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Battle scars of business the cost of excellence

relationship-work
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I froze during my speech as I looked out at the faces of the members of that chamber of commerce. It was a temporary block that hopefully went unnoticed by my audience. Yet clearly, I was unfocused for a second.

I had been asked to be the guest speaker at their awards celebration. I had travelled to the community and knew no one.

As I glanced around the room, I came to the realization that while they were celebrating their successes, the achievements for many of them had not come easily.

Awards ceremonies are great for recognizing the strides that companies make. The awards can pump up a team and make company leaders and employees proud of their accomplishments. They can generate recognition and publicity for the company, building them up in the eyes of their customers.

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But accomplishments often come at a cost. It takes time, energy and money to build a company, but rarely are companies built without sacrifices that are more personal.

Relationships are seldom mentioned as a cost of doing business, but for many leaders, they’re a significant cost. Missing your kids’ sports or school events, birthday parties and rites of passage are commonplace for many busy leaders. Long hours at work ensure that you’re missing meaningful time with your spouse, children, parents and friends.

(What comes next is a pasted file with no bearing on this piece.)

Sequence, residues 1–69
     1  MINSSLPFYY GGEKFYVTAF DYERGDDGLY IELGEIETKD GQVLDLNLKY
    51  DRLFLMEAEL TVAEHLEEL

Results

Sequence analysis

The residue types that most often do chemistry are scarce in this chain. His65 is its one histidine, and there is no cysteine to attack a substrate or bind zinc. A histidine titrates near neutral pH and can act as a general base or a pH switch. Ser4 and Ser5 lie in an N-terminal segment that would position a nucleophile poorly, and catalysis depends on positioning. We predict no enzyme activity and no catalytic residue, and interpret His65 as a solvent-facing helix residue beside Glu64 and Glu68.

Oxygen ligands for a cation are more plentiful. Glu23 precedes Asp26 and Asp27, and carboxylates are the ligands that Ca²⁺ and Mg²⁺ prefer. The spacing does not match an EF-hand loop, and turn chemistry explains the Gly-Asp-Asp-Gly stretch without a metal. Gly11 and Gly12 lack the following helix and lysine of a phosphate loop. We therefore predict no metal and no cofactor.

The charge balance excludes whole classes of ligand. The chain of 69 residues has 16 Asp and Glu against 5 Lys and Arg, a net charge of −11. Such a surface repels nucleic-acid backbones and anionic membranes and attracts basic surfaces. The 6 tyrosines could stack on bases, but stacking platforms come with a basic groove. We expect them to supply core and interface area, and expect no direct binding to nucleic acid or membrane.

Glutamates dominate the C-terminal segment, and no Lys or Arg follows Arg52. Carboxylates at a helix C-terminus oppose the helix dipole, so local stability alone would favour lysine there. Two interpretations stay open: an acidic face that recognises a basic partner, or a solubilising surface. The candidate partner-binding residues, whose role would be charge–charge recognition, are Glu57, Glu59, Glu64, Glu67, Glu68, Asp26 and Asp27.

Some of the other wounds leaders suffer in their battle for excellence include:

There are also many self-inflicted injuries, the result of our own stupidity:

It’s wonderful to win awards but we rarely consider all those who have enabled us to reach this pinnacle:

As I looked out at my unaware audience that evening, I thought of my business battle scars. At that moment, I could see their scars as well. The tired eyes, the fatigue of battle, the surprise at being recognized for success despite the feeling that they were just faking it. Some of them were relishing the moment, and others were biding time until the evening ended.

They say it takes a whole community to raise a child, but it also takes a whole community to support an entrepreneur who, in turn, supports the community.

Leadership isn’t always as glamorous as it seems and the wounds suffered in pursuing dreams don’t always heal.

We need to recognize greatness and excellence more often in our communities, but we also need to acknowledge that there’s a cost to excellence. Above all, we need to be thankful for the sacrifices of many that have benefited countless people in our communities.

Dave Fuller, MBA, is an award-winning business coach and a partner with Pivotleader Inc.

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